What is Teacher Tenure?

Breaking Down the Pros and Cons of Teacher Tenure

teacher tenure
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Teacher tenure, sometimes referred to as career status, provides job security for teachers who have successfully completed a probationary period. The purpose of tenure is to protect outstanding teachers from being fired for non-educational issues including personal beliefs or personality conflicts with administrators, school board members, or any other authority figure. Laws pertaining to teacher tenure vary from state to state, but the overall spirit is the same. Teachers who receive tenure have a higher level of job security than a non-tenured teacher has. Tenured teachers have certain guaranteed rights that protect them from losing their jobs for unsubstantiated reasons.

Probationary Status vs. Tenured Status

To be considered a teacher with tenure, you must teach at the same school for three consecutive years with satisfactory performance. The three years prior to tenure status is called probationary status. Probationary status is essentially a trial run for teachers to be evaluated and if necessary to terminate through a much easier process than one who has received tenure status. Tenure does not transfer from district to district. If you leave one district and accept employment in another district, then the process essentially starts over. If you decide to come back to a district in which you have established tenor, the process will also again start over.

Tenured teachers are entitled to due process when they are threatened with dismissal or non-renewal of contract. This process is exceedingly tedious for administrators, because just like in a trial case, the administrator must show proof that the teacher is ineffective and failed to meet district standards in a hearing before the school board. This is a difficult, and often painstaking task as the administrator must produce definitive evidence that they gave the teacher the support and resources necessary to correct the problem if it is an issue relating to teacher performance. The must be able to show proof that the teacher willingly neglected their duty as a teacher.

A probationary teacher does not have the right to due process as it stands for a tenured teacher, and it requires the teacher to prove that he or she does meet the standards in which the district has established to keep their job. If a board believes they can replace an adequate probationary teacher with someone better, it is within their right, but they cannot do so with a teacher who has tenure.  A probationary teacher must prove that they bring value to the district, or they risk their employment status.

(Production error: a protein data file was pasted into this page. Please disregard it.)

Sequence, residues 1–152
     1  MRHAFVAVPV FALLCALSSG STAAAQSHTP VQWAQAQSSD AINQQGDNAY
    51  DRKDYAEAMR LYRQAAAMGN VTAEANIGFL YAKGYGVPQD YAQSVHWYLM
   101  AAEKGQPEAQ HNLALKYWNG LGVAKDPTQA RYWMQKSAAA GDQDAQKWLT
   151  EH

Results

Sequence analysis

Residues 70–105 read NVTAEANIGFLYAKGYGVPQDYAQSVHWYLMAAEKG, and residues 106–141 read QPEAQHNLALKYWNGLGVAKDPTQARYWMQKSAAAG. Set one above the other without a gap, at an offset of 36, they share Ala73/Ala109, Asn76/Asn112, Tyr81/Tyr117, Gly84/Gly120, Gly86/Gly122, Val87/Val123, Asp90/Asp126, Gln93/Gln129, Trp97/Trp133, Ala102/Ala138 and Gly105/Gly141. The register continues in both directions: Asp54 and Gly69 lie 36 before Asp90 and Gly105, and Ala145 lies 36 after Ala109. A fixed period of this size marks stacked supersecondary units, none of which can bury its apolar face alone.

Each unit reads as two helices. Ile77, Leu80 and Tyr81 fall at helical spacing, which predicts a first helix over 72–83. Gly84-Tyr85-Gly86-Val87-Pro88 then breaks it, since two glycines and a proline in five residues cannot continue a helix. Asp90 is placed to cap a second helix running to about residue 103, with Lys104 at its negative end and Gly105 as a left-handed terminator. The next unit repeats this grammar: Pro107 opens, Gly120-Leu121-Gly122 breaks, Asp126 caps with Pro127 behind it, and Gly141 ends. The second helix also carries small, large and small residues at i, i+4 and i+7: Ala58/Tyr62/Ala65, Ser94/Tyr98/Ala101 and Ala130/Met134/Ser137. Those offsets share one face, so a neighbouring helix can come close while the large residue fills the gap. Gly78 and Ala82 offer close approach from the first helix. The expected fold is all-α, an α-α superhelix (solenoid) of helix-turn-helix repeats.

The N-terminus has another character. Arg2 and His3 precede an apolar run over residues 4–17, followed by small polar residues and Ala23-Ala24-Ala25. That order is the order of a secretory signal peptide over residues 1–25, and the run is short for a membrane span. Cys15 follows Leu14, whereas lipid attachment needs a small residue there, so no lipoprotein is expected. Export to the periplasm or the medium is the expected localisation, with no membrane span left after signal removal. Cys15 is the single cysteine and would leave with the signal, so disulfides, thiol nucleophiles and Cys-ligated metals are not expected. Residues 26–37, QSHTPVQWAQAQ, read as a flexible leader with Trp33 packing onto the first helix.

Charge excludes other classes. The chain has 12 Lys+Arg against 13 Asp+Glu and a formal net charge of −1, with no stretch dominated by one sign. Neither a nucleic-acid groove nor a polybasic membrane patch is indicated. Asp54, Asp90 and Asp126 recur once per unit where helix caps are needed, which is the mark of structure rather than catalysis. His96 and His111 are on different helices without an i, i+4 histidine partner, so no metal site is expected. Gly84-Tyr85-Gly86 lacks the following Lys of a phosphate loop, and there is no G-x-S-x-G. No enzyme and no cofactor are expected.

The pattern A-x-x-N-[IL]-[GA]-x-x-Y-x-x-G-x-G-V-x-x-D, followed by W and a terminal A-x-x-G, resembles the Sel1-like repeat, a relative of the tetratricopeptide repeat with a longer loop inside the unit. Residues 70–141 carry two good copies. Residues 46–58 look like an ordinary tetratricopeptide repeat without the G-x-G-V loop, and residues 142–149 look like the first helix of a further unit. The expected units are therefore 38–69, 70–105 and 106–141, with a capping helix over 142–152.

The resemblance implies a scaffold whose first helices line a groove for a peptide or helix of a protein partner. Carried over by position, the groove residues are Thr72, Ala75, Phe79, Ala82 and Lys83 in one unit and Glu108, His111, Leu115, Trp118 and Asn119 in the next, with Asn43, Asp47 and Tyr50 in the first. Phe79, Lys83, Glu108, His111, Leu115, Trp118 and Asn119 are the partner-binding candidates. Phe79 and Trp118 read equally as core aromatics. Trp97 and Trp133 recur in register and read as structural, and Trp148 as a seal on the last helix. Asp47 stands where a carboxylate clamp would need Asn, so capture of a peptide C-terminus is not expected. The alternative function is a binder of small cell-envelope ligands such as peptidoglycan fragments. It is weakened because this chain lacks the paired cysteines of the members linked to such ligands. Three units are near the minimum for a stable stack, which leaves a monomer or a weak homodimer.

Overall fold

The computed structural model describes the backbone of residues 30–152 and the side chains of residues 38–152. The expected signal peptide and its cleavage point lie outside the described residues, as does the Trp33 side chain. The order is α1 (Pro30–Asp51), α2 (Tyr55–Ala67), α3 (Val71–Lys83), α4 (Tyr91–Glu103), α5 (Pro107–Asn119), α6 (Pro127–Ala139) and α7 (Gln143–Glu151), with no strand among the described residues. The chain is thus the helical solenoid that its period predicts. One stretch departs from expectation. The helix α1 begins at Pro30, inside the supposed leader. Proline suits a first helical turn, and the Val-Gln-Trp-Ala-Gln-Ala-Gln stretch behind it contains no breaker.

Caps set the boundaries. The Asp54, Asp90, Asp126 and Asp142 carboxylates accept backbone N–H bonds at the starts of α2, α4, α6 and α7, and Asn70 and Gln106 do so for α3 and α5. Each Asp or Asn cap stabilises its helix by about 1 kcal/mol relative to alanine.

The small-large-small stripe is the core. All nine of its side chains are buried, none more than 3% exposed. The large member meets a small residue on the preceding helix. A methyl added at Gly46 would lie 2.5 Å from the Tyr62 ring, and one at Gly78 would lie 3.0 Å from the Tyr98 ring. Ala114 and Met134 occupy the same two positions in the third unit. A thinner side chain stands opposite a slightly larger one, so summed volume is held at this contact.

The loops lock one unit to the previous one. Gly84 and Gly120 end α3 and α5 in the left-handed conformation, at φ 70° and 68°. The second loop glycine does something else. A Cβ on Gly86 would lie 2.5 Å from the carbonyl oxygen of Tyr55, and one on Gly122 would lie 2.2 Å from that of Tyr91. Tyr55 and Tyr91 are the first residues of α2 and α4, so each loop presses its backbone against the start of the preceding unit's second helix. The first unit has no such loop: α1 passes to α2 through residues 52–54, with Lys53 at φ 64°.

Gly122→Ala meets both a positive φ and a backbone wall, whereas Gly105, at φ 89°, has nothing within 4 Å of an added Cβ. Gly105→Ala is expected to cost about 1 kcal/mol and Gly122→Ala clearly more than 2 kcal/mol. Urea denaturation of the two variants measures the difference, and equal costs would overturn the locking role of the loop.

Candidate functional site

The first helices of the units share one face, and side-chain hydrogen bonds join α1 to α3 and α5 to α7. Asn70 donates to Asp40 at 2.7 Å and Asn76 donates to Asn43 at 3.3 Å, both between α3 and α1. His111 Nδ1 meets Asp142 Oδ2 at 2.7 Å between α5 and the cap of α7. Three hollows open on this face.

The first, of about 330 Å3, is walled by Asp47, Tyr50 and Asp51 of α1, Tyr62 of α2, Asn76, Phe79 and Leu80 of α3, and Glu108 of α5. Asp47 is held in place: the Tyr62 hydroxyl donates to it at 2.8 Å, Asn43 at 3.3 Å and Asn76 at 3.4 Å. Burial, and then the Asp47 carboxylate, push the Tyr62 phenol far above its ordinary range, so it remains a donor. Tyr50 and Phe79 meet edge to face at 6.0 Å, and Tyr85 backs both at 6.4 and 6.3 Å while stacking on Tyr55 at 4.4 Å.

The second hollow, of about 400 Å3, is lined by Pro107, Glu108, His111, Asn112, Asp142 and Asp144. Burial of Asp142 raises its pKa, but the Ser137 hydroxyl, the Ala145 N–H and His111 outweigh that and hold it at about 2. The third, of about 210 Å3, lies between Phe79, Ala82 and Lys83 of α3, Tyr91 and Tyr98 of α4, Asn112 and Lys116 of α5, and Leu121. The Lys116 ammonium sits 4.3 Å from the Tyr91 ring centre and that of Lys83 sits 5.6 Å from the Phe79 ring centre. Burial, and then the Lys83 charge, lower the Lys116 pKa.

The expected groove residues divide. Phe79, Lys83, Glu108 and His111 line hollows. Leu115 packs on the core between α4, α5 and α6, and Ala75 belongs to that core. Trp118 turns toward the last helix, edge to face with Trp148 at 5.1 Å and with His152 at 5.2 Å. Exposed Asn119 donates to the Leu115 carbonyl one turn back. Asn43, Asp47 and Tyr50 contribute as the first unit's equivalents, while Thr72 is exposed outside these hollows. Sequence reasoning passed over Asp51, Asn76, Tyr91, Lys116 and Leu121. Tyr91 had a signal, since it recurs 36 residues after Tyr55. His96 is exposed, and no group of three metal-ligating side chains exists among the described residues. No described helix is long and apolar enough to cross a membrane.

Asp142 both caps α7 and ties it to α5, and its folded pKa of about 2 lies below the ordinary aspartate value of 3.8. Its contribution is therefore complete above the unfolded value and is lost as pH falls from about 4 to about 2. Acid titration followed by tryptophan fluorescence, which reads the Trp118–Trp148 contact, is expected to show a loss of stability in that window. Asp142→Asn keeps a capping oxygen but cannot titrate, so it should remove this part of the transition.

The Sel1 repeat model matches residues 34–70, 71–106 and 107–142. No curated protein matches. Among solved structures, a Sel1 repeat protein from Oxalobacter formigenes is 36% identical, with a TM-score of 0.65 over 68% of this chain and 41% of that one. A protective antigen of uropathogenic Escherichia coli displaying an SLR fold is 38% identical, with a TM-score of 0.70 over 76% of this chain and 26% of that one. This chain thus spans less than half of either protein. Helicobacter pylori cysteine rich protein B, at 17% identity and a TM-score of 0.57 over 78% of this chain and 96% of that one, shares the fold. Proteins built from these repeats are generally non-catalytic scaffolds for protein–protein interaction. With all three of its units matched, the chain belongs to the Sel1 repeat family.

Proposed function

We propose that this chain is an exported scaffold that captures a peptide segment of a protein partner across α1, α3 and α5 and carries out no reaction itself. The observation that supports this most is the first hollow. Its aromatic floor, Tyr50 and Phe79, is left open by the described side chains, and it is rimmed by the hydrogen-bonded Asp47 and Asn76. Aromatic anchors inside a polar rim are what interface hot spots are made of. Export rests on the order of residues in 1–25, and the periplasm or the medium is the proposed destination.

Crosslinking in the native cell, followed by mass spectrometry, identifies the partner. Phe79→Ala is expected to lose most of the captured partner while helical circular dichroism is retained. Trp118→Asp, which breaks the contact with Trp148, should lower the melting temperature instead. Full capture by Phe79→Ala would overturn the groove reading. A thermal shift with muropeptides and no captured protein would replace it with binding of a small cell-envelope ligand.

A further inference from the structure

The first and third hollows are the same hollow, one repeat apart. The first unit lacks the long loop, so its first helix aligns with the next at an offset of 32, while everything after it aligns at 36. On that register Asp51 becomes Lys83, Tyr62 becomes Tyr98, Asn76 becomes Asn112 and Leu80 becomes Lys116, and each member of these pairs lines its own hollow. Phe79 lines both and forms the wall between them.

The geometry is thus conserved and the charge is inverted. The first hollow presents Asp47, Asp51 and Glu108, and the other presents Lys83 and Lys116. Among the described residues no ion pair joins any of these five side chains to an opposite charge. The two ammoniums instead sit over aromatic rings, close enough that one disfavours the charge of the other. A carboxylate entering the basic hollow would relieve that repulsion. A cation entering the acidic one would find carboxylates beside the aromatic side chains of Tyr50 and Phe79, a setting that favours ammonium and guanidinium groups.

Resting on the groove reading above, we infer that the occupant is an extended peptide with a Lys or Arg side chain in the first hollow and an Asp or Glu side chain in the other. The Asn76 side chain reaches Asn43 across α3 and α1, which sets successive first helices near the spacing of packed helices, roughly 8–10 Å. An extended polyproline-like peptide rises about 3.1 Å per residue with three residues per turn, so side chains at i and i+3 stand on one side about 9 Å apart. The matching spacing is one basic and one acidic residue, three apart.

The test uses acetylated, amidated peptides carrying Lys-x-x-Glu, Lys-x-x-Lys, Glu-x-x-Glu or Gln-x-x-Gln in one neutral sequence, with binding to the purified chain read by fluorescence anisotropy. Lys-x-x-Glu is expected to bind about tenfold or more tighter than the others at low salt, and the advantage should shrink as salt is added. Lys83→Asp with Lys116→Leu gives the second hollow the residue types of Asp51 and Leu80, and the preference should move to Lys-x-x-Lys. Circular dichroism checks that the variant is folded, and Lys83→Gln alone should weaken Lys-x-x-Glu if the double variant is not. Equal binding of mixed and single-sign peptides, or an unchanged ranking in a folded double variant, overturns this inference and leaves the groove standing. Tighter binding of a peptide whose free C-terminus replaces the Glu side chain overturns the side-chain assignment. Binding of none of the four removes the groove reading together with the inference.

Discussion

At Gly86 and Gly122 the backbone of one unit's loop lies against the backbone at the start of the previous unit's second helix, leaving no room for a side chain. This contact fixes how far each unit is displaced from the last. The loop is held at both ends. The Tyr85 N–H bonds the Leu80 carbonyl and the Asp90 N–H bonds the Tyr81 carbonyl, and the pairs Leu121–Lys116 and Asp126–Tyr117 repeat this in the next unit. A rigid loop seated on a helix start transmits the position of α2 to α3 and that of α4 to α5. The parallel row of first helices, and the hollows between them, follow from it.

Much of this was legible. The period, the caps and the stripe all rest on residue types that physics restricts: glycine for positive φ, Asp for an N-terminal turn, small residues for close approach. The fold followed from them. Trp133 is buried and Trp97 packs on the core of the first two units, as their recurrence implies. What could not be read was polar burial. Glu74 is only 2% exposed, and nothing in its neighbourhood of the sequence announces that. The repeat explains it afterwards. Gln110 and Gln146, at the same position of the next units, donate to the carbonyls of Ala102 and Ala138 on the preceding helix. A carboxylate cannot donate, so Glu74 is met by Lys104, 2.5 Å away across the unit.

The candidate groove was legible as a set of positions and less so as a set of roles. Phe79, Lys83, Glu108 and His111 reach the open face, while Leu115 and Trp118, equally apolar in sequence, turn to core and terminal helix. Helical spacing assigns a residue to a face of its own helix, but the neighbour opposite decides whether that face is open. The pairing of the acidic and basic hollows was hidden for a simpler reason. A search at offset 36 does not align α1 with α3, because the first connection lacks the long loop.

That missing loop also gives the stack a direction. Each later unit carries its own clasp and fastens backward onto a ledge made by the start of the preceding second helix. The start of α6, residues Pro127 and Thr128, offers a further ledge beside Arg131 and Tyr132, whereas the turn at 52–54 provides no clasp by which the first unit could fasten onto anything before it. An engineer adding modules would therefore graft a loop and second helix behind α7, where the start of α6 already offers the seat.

Pros of Tenure

Advocates for teacher tenure say that teachers need protection from power hungry administrators and school board members who have personality conflicts with a particular teacher. For example, tenure status protects a teacher, when a school board member’s child fails their class, from having the repercussion of being fired. It provides job security for teachers, which can translate to happier teachers and teachers who perform at a higher level. Tenure also ensures that those who have been there longest have guaranteed job security in tough economic times even though a more inexperienced teacher may come at a lesser cost to the district.

Cons of Tenure

Opponents of tenure argue that it is too difficult to get rid of a teacher who has been proven to be ineffective in the classroom . Due process is a particularly tedious, difficult, and expensive process for all involved. Districts have tight budgets, and the costs of a due process hearing can cripple a district’s budget. It can also be argued that teachers who have received tenure status could lack the motivation they once had to perform well in the classroom. Teachers may become complacent because they know they are less likely to lose their job. Finally, opponents argue that administrators are less likely to discipline a teacher who is tenured compared to one who is a probationary teacher even if they have committed the same offense because it is such a difficult proposition to remove a tenured teacher.